Biological Invasions

, Volume 16, Issue 8, pp 1559–1566

Why not harvest existing invaders for bioethanol?

Authors

    • Energy Biosciences InstituteUniversity of Illinois
  • A. Bryan Endres
    • Energy Biosciences InstituteUniversity of Illinois
    • Department of Agricultural and Consumer EconomicsUniversity of Illinois
  • Thomas B. Voigt
    • Energy Biosciences InstituteUniversity of Illinois
    • Department of Crop SciencesUniversity of Illinois
Perpectives and paradigms

DOI: 10.1007/s10530-013-0591-z

Cite this article as:
Quinn, L.D., Endres, A.B. & Voigt, T.B. Biol Invasions (2014) 16: 1559. doi:10.1007/s10530-013-0591-z

Abstract

Some ecologists and environmentalists have asked whether existing plant invaders could be used as sources of lignocellulosic ethanol, as an alternative to the introduction of potentially invasive non-native energy crops. Although the idea is tempting and could theoretically motivate the control or eradication of large invasive populations, we recognize that a number of major economic, logistic, and legal barriers currently prevent adoption of this plan. Here, we enumerate these barriers in detail, but conclude with an idealistic vision for the role of invasive biomass in the bioenergy industry.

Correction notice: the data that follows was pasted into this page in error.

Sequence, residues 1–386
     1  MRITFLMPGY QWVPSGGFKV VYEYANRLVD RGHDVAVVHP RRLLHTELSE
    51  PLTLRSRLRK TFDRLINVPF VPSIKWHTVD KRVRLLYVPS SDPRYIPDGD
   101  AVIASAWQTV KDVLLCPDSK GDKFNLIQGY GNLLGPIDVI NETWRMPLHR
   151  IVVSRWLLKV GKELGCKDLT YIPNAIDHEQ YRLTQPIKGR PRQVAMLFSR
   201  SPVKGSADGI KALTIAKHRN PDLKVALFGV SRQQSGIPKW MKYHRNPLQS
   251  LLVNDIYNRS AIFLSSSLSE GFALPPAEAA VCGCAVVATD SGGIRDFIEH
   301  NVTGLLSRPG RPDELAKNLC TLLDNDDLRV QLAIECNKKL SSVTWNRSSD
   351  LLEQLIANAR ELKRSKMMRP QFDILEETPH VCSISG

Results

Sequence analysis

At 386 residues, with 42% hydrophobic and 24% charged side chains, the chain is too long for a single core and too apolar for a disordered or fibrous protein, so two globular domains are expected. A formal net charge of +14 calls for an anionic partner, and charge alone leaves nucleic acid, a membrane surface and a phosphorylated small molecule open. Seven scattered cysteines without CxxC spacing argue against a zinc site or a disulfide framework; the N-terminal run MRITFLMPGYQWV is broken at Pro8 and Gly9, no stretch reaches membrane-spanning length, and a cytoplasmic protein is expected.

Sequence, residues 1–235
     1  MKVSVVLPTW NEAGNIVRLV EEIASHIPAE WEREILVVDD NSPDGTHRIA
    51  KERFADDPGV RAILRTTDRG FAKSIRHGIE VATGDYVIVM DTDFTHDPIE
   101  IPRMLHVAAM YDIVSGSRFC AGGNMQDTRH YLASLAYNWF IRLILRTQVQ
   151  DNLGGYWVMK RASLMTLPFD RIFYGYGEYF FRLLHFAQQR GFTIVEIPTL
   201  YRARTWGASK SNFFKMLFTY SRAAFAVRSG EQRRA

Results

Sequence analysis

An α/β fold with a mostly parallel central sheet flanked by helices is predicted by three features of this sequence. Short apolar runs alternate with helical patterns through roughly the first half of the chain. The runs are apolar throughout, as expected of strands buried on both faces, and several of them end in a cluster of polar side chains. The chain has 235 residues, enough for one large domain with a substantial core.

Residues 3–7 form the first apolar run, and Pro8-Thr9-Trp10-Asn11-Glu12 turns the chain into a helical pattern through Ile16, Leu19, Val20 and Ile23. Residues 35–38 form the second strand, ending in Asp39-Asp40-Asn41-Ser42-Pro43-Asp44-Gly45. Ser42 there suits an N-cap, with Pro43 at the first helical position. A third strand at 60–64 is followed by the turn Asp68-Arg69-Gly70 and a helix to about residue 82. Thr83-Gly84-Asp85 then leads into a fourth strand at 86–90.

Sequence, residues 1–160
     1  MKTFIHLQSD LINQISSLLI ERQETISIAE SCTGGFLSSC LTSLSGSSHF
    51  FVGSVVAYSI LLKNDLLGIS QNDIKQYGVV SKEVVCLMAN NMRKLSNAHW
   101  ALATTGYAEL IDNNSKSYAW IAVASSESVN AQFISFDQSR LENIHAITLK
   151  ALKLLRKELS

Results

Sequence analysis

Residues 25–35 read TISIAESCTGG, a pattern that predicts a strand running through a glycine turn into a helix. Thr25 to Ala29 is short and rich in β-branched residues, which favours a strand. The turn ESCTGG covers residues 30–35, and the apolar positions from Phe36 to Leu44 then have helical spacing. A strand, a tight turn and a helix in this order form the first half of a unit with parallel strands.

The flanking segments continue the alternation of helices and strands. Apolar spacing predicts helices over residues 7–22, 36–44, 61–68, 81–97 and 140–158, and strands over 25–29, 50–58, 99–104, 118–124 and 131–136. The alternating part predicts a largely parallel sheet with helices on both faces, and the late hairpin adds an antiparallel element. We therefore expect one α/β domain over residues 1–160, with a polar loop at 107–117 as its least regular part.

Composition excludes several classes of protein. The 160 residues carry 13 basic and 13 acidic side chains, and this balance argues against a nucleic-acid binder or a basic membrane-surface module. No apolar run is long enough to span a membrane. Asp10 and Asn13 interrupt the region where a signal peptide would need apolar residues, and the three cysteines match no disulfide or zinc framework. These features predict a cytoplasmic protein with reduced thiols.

Keywords

BioenergyBiofuelBiomassBiorefineryEthanolInvasiveWeed

Copyright information

© Springer Science+Business Media Dordrecht 2013